The Treasury has revised the projected size of the economy downwards by Sh400 billion, as the reality of a slowing business environment hits home.
In what could yet be another admission of the country’s turbulent economic landscape, the Exchequer has also projected a wider fiscal deficit – the difference between what it earns from taxes and what it spends – meaning it will have to borrow even more in the financial year to June 2020.
Already, several reputable institutions have downgraded the country’s economic growth this year, as major sectors, including agriculture, underperform.
The widening deficit is also fuelled by an expected reduction in donor grants this year, according to Treasury’s budget documents.
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Further, many companies in the private sector have resorted to firing workers to survive the stormy economic conditions. They cite crippling government policies and punitive tax measures as major concerns.
The situation has forced the Kenya Revenue Authority to come down hard on businesses, though this has had the unintended consequence of shutting down several firms unable to comply with the taxman’s harsh conditions.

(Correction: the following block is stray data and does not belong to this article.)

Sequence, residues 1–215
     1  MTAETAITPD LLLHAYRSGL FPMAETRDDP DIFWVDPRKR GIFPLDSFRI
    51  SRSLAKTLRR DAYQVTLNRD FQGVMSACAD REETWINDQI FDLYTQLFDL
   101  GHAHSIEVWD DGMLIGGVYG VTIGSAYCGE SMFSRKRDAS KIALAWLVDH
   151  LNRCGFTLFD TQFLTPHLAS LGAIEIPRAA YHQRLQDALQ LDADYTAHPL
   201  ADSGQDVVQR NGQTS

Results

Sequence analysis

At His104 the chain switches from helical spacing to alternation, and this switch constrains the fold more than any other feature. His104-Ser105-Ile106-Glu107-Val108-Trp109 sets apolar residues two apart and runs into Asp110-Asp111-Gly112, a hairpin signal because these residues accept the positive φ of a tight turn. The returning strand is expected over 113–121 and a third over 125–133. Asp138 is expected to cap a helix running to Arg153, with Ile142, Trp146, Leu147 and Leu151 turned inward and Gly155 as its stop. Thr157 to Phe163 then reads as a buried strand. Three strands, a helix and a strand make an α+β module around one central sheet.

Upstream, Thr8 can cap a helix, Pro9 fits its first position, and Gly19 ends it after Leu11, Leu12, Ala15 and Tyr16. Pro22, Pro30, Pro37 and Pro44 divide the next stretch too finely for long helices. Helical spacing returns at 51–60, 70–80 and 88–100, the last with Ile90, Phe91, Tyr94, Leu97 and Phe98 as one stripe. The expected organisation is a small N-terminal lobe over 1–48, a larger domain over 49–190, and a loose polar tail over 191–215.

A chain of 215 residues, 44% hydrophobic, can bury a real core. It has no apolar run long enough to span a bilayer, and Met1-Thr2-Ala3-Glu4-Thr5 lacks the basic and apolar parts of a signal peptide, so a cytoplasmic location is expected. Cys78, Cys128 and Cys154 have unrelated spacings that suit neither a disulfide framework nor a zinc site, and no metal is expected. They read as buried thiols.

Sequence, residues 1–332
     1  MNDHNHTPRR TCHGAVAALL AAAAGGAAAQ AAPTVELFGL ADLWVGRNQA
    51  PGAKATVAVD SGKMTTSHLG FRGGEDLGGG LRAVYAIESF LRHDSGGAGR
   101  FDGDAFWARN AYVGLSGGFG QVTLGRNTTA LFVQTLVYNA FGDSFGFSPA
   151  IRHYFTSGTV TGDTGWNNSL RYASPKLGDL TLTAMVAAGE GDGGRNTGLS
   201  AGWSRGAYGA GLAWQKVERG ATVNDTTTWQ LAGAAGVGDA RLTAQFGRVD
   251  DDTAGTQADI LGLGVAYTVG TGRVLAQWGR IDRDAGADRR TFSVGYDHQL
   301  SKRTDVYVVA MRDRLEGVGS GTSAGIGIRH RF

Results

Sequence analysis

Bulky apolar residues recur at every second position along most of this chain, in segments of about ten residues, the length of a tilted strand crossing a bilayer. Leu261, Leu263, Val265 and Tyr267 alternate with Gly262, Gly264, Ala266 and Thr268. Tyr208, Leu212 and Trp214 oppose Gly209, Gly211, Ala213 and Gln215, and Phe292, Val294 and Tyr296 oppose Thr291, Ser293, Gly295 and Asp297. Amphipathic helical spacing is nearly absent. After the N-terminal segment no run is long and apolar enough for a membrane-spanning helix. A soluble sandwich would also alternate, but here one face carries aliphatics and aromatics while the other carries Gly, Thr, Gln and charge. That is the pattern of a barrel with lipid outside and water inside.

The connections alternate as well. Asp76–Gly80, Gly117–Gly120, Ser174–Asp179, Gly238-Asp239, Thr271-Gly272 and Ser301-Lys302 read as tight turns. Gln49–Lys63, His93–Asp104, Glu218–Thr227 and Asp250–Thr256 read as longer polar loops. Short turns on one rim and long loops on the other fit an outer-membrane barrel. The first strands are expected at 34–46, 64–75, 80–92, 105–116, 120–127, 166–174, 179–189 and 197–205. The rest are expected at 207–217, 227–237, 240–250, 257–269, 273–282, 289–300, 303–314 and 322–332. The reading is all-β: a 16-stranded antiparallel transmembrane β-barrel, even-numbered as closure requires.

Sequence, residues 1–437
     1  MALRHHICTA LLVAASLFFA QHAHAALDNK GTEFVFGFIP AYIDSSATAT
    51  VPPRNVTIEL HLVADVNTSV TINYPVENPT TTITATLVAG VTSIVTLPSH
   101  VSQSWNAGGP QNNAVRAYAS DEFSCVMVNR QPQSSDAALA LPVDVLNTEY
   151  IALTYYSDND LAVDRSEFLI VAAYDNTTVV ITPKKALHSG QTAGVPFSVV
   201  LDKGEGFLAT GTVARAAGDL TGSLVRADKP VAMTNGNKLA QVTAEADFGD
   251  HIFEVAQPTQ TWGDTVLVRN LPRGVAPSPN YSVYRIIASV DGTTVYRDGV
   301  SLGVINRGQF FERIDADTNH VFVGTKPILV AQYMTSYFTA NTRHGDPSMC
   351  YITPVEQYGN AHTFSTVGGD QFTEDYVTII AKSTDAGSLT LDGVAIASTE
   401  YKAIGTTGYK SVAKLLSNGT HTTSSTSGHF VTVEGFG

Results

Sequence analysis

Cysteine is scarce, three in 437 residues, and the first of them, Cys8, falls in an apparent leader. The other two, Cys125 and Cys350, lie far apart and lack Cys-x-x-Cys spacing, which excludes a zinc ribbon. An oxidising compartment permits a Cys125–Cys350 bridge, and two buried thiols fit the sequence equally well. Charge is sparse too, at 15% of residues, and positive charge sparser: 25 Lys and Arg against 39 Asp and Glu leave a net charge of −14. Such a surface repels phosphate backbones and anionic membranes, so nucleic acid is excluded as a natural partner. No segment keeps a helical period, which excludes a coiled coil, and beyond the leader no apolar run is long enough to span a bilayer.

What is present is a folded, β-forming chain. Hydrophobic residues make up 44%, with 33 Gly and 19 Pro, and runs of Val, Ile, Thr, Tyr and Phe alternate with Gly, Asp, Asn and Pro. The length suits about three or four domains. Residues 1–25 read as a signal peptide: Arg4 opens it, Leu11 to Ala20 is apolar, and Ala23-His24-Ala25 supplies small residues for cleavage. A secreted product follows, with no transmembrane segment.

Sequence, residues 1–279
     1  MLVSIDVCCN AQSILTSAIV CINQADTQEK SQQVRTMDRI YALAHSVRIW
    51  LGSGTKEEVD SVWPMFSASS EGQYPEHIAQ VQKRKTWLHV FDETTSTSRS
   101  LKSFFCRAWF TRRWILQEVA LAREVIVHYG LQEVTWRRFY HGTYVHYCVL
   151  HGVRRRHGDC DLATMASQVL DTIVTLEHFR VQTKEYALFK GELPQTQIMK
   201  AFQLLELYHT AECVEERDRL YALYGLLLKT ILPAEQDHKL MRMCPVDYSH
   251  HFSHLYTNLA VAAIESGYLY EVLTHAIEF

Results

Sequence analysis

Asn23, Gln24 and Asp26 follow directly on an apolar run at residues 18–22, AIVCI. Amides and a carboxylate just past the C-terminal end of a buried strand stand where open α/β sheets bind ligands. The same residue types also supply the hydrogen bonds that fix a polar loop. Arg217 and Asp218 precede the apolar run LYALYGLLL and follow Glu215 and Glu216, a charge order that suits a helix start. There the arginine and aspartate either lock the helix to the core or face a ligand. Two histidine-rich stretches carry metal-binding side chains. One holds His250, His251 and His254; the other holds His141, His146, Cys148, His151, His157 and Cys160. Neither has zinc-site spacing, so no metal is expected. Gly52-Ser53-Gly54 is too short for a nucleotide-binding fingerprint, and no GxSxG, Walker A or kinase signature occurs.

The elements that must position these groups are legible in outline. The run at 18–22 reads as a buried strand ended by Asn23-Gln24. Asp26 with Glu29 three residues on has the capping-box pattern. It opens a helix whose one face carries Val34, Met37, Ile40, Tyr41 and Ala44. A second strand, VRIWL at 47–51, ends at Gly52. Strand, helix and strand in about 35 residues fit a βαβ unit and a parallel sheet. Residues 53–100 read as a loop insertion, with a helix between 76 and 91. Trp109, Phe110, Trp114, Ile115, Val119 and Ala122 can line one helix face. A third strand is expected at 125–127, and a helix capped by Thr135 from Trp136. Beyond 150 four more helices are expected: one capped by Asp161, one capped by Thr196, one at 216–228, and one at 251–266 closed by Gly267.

“We are operating under tight resource constraints amid significant expenditure demands, including financing of the government’s ‘Big Four’ Plan. This calls for proper prioritisation to ensure that our expenditures go to the most impactful programmes with highest welfare benefits to Kenyans,” said the Treasury in the 2019 Budget Review and Outlook Paper (BROP).
In one of its latest reports, the Treasury expects the total value of the national output of goods and services – also known as the gross domestic product (GDP) – to hit Sh10.4 trillion by the end June 2020.
In September, however, an optimistic Treasury had estimated that the size of the economy by the end of the current financial year would be Sh10.8 trillion.
It was forced to revise this figure downwards after the slowdown witnessed in the first six months of 2019.
The International Monetary Fund has also downgraded the country’s GDP growth projections for the current financial year from an April forecast of 5.8 per cent to a current 5.6 per cent. This was on the back of the country being weighed down by a tough business and household environment.
The fund, however, expects the economy to grow faster in 2020 at 6 per cent, as the agriculture sector recovers from the effects of poor rains.